For a person who is interested in building an energy efficient home in these times of rising costs, including energy costs, the amount of information is daunting if not downright scary. We’ll try to pare the information down to something manageable by looking at some of the ways we can build and keep our energy demands under control. Our solar energy facts give us a number of options:
-Conventional structure-stick and wood
-Earth bermed-using earth for a moderator
-Rammed earth blocks
An energy efficient conventional house can cost anywhere from around sixty thousand to more than two hundred thousand dollars, depending on how much energy you, yourself are willing to invest. One thing to bear in mind-how much skill do you have for this kind of project? To build a successful energy saving house of this sort would require super insulation, photovoltaic or wind power, and solar hot water, as well as some form of space heating.
A well designed earth bermed structure has only minimal needs for space heating. I’ve seen many options for this including wood stove, baseboard heating, and European tile stoves. Combined with solar hot water and either photovoltaic or wind energy, this is an excellent way to go, and is adaptable to any climate. I’ve seen costs for this type of construction from the seventy thousands to over two hundred thousand.
Rammed earth is a viable concept probably only if you are prepared to do a tremendous amount of physical labor, or you have laborers available. This method involves using forms between which dirt is compacted layer after layer until reaching the desired height. If you are really interested in this process, I recommend two books, Comfort in Any Climate, by Michael Reynolds-Solar Survival Press; and The Rammed Earth House, by David Easton-Real Goods Press.
One of my favorite choices is rammed earth blocks. This concept was developed several decades ago in Columbia with the invention of the cinva block ram. This is a mechanical device with a long handle with which one can compress soil to about half its former volume. With the right mixture of soil, water, and about 3% Portland cement, we can make earthen blocks that are very tough, strong, and cheap-really excellent building materials. These blocks are a product that can be pretty much used anywhere in the world.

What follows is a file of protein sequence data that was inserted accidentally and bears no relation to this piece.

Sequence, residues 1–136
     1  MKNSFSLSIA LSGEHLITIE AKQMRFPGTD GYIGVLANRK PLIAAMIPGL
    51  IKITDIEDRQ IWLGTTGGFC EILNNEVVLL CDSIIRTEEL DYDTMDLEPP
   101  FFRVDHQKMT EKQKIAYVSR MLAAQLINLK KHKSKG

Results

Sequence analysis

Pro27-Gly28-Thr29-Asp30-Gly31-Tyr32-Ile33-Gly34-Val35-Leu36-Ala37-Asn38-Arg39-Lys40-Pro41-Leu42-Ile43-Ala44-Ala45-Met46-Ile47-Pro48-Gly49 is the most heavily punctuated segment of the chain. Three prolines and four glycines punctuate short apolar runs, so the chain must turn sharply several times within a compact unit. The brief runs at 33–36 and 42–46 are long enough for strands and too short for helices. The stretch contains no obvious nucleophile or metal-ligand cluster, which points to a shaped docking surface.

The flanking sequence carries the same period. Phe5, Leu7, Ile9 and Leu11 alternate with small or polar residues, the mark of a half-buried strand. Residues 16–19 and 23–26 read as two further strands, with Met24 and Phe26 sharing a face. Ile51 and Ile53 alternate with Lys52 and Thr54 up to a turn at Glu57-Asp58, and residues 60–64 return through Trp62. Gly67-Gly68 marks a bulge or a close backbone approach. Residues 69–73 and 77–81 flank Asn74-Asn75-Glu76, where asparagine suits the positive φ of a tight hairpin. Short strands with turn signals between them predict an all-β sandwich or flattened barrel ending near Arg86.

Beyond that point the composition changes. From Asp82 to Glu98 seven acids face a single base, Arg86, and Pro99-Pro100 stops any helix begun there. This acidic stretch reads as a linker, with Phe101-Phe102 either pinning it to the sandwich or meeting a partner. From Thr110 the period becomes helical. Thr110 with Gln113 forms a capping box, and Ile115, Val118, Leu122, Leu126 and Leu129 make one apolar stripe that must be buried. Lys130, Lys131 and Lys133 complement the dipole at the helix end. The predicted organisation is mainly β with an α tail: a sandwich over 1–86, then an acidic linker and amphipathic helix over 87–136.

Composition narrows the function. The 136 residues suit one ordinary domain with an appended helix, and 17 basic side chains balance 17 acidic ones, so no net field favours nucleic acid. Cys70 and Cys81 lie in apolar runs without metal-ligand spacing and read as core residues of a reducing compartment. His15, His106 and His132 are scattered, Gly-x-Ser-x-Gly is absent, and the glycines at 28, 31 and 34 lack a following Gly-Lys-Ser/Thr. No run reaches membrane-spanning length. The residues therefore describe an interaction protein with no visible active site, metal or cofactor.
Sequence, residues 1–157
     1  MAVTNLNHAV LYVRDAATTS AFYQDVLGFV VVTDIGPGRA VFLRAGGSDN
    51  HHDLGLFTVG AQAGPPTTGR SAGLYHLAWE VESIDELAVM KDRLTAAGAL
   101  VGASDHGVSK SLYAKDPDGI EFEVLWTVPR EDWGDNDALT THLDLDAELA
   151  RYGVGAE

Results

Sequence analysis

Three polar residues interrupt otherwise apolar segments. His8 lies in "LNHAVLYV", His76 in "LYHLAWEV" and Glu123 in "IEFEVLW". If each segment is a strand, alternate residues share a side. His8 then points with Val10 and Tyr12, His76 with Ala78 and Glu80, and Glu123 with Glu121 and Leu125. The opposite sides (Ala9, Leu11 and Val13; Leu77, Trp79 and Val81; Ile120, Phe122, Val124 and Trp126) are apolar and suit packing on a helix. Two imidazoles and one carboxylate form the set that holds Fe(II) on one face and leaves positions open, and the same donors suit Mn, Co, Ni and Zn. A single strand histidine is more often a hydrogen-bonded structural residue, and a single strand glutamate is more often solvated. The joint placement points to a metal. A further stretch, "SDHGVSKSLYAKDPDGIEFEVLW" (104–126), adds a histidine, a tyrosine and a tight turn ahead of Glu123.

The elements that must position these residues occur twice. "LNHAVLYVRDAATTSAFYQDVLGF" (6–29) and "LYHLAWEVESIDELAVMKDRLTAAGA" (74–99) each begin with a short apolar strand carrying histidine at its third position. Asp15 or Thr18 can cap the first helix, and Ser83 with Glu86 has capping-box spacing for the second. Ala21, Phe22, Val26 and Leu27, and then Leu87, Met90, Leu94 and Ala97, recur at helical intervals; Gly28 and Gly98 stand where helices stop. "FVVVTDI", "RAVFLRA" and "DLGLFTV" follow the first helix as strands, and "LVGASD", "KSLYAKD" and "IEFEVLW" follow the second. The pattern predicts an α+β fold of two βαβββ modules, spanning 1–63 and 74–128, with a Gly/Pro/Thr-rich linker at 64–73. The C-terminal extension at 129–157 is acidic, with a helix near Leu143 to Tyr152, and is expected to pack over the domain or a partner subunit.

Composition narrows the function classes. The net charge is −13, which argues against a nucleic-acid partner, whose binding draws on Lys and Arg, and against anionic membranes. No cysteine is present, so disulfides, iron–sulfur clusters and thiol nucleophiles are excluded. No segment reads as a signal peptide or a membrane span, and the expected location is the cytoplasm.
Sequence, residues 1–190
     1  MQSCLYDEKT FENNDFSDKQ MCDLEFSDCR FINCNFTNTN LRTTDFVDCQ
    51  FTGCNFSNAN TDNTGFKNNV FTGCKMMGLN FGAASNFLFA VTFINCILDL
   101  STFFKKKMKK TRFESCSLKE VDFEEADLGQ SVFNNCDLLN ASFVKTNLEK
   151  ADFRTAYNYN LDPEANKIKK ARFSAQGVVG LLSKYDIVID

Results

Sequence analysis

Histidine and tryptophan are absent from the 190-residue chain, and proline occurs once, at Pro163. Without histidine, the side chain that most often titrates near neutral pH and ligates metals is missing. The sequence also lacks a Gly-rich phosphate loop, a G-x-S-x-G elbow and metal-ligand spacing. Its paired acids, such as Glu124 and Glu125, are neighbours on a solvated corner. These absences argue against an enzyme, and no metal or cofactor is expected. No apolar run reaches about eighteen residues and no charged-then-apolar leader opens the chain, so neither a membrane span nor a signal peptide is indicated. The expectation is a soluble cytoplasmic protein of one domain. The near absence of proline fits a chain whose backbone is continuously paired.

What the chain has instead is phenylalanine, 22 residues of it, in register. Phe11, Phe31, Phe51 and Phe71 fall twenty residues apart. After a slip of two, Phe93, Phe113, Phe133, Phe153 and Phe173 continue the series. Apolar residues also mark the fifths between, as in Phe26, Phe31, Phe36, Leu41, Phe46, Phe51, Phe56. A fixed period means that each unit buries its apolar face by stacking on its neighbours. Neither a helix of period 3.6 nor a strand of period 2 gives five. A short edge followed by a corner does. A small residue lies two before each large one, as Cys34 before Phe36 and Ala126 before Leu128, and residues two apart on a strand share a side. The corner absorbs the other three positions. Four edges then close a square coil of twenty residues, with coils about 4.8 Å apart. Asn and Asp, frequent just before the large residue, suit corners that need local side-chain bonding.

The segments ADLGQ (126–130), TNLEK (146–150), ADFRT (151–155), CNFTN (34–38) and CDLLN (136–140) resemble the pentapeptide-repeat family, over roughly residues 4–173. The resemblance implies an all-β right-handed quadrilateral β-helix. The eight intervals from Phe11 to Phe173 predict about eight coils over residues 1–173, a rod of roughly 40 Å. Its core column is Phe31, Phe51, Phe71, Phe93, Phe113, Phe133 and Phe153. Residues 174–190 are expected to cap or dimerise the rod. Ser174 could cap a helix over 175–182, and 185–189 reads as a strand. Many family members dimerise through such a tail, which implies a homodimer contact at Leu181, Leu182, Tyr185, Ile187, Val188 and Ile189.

Adobe is another of our prime choices, according to our solar energy facts. Some people might think adobe construction might be limited to our southwest, but for a slightly higher cost adobe bricks can be stabilised using either 3 to 6% asphalt emulsion or 5 to 10% Portland cement. There is a strong customer demand for adobe. In New Mexico half of all new homes selling for more than $ 300,000. incorporate some form of earthen construction. Most are adobe, but some of them are using new earthen technology.
In the last few years, building with straw bales has become very popular as a means of keeping costs down and providing a great deal of insulation. There are many good designs to choose from and this is another method of construction that is usable anywhere in the country, as long as one can locate the straw at a good price. This method of construction either uses the structural integrity of the stacked bales, themselves, or a post and beam construction with the bales just used as walls and insulation. Either scheme requires that the bales be stuccoed inside and out. This type of housing can be very cost effective with the proper design.
One method of construction that has gained a certain popularity in recent years is called earthbag construction. Basically it consists of polyester bags, filled with soil and stacked according to the design. The bags are nearly always stacked in circular patterns so as to achieve a certain rigidity. Barbed wire is laid between the courses to give strength to the structure. Plaster is applied to the outside to provide waterproofing. Solar energy facts assure us that this is a legitimate form of construction and seriously to be considered.
These are some of the main options we have when considering building with energy efficiency in mind. Before any kind of choice is made, the prospective builder needs to consider climate and land considerations. Size is another thing to think about because the smaller a structure is, the less energy it will require. The proper preparation for a venture of this sort will certainly make the outcome more satisfying; so, the more research, the better.
Harry Faris has been involved in alternative energy for the past three decades. He generated his own electricity for some twenty years using solar and diesel. “12 volt is great!” solar energy, solar hot water http://www.solaradvocate.blogspot.com.